Thursday, August 10, 2006

Public Getting Tired of GOP's Version of the War on Terror

The White House is doing its best to spin the Lieberman primary defeat as a sign that the terrorists will strike again (see Tony Snow say it here, Cheney repeat it here, and then O'Reilly parrot it back here).

The fact is, though, there is no difference between the Dems and the Repubs in terms of willingness or determination to fight terrorism. The difference comes down entirely to how the two sides feel it's best to wage the war against terrorism.

That difference is highlighted in this quote by Josh Marshall on the uncovering of the UK terror plot:


President Bush just said the events in London are "a stark reminder that this nation is at war with Islamic fascists."

Also a pretty stark reminder that President Bush's War on Terror, the way he's chosen to fight it, is at best irrelevant to combatting this sort of danger. These are homegrown Brits apparently trying to blow up planes over the Atlantic. Good thing we've got a 150,000 or so troops in Iraq to take the fight to them.


Thankfully, the American people seem to be awakening to this difference.

A recent Washington Post poll asked respondents if they support President Bush's handling of the US campaign against terrorism. Only 47 percent of respondents say they do.

That's the lowest the number has been since the Post started asking the question right after September 11. Only one other time, in November 2005, did the number drop under 50 percent.

What's more, as Greg Sargent points out, when asked which political party they trust to do a better job handling the US campaign against terrorism, more respondents stated the Dems (46 percent) than the Repubs (38 percent).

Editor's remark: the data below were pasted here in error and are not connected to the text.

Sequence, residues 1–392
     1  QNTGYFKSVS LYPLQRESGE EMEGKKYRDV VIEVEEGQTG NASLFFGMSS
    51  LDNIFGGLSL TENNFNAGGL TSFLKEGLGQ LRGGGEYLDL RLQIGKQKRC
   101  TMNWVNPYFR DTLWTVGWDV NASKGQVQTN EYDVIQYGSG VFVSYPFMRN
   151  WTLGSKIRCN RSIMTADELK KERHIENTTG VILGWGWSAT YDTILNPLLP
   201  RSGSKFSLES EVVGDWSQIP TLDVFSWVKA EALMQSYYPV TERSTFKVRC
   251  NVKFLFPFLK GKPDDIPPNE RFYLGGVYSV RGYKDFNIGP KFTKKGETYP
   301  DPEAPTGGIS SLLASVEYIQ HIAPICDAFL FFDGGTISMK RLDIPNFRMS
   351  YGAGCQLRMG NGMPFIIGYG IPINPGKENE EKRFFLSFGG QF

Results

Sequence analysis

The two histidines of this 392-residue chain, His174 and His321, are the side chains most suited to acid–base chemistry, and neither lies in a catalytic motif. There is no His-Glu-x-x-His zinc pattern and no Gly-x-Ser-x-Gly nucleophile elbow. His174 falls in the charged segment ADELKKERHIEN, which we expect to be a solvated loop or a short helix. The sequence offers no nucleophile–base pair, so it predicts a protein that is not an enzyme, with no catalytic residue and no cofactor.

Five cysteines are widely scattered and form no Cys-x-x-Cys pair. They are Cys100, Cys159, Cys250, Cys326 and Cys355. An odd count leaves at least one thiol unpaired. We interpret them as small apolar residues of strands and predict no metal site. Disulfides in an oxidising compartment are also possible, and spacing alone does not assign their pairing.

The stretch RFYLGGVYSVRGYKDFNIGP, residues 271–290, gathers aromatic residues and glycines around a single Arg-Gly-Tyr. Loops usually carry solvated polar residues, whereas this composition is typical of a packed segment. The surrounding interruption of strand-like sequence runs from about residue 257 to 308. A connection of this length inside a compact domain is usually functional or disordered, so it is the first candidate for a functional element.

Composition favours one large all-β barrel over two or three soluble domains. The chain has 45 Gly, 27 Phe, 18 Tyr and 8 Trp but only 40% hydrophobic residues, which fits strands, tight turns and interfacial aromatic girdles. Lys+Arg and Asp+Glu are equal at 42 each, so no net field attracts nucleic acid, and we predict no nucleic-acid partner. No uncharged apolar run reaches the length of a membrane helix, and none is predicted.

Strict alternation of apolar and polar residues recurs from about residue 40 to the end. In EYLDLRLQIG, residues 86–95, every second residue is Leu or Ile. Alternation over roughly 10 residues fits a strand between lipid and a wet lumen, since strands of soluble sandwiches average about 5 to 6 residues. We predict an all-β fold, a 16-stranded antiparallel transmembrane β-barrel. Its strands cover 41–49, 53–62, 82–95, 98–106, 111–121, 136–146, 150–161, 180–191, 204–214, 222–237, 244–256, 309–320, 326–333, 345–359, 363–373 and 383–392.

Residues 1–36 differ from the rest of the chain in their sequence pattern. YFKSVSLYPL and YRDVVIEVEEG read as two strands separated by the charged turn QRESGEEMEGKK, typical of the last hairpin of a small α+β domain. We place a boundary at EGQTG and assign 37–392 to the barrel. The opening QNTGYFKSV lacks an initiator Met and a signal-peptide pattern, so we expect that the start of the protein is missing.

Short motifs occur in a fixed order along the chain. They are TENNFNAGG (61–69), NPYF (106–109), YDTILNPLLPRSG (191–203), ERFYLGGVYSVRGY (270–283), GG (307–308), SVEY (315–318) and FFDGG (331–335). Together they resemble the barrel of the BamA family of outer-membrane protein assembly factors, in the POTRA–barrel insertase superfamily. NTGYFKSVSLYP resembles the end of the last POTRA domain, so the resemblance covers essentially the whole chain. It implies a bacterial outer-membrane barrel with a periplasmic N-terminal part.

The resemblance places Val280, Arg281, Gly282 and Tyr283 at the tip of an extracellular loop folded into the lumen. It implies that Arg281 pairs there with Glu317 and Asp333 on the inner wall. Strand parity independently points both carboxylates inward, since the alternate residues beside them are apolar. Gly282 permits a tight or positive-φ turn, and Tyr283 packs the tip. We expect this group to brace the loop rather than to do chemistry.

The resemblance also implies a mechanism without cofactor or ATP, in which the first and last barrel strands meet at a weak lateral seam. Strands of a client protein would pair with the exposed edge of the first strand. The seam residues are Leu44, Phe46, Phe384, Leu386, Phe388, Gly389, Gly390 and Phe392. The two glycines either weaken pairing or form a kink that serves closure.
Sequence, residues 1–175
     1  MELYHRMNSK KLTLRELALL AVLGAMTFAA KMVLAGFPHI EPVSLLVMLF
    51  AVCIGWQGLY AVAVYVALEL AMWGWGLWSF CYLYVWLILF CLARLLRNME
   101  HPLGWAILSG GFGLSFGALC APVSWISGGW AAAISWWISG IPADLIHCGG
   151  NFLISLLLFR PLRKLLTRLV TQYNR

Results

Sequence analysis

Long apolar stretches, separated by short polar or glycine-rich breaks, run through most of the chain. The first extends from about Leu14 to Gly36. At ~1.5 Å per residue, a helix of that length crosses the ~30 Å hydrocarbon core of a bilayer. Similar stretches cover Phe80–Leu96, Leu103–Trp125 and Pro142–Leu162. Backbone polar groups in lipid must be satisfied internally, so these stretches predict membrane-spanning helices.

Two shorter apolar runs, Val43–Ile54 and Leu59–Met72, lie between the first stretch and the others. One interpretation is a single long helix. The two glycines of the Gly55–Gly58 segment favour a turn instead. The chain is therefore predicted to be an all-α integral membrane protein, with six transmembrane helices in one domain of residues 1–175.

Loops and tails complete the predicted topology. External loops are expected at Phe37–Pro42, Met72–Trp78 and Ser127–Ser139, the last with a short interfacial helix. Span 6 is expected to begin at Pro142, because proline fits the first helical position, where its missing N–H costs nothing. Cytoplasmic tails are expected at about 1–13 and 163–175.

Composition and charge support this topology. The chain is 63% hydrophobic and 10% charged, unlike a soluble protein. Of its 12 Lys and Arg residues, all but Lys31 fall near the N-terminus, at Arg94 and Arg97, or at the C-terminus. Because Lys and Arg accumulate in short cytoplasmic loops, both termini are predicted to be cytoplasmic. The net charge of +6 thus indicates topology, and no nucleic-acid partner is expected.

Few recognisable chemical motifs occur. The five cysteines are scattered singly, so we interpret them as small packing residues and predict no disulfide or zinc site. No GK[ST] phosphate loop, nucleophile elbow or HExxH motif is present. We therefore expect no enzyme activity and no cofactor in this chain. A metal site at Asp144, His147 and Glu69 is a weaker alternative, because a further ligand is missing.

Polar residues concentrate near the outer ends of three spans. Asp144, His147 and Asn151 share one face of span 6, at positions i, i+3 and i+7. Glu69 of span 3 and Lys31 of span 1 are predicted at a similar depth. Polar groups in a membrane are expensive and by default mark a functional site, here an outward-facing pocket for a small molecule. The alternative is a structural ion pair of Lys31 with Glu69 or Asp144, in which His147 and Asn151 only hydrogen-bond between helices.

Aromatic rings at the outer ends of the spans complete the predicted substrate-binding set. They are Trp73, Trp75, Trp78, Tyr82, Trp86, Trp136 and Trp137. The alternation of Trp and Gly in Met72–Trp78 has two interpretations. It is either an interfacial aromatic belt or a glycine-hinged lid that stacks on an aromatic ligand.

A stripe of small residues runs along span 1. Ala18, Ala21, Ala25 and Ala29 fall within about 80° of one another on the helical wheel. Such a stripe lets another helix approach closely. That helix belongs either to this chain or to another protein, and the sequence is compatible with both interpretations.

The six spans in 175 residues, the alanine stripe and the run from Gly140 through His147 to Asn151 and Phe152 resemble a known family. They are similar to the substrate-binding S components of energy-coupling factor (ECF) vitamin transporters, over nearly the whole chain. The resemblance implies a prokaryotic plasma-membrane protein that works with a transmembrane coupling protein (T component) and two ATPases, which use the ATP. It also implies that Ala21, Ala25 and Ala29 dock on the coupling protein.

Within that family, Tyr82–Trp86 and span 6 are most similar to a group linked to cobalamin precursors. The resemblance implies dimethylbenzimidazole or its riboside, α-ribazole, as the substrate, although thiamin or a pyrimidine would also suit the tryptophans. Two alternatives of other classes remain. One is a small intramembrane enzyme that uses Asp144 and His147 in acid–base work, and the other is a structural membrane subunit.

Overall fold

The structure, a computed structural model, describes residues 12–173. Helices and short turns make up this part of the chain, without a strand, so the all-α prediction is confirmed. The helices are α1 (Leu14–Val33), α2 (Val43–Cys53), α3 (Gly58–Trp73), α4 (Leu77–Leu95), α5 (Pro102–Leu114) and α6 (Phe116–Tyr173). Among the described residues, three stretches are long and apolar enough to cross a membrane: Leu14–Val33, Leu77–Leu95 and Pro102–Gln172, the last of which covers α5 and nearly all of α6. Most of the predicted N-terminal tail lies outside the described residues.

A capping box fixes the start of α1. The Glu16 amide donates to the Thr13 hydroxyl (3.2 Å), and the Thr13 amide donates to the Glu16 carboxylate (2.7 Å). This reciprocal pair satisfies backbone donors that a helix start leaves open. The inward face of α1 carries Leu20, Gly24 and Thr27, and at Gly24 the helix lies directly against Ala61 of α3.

The public simply has had enough of the GOP's version of the war on terror, and they're no longer buying that it's the only way to go.


Blogger Sven said...

Here's a good, scholarly sketch of the "liberal" approach to the GWOT.

I'm still not sure what the equivalent bumper sticker slogan to "Kill 'em all and let God sort 'em out!" is. I kinda like "Yee-haw is not a foreign policy," but it doesn't quite get the point across.

August 10, 2006  
Blogger Seth Zlotocha said...

Thanks for the link.

I've also been following Michael Berube's discussion this week of how the far left has thus far completely fumbled the war on terror, and conservatives have subsequently used this to define the entire left as out of touch on national security. So far Berube has four posts up about it, and they're all very smart (I especially like the first one, although I haven't had a chance to read the fourth, yet).

August 10, 2006  

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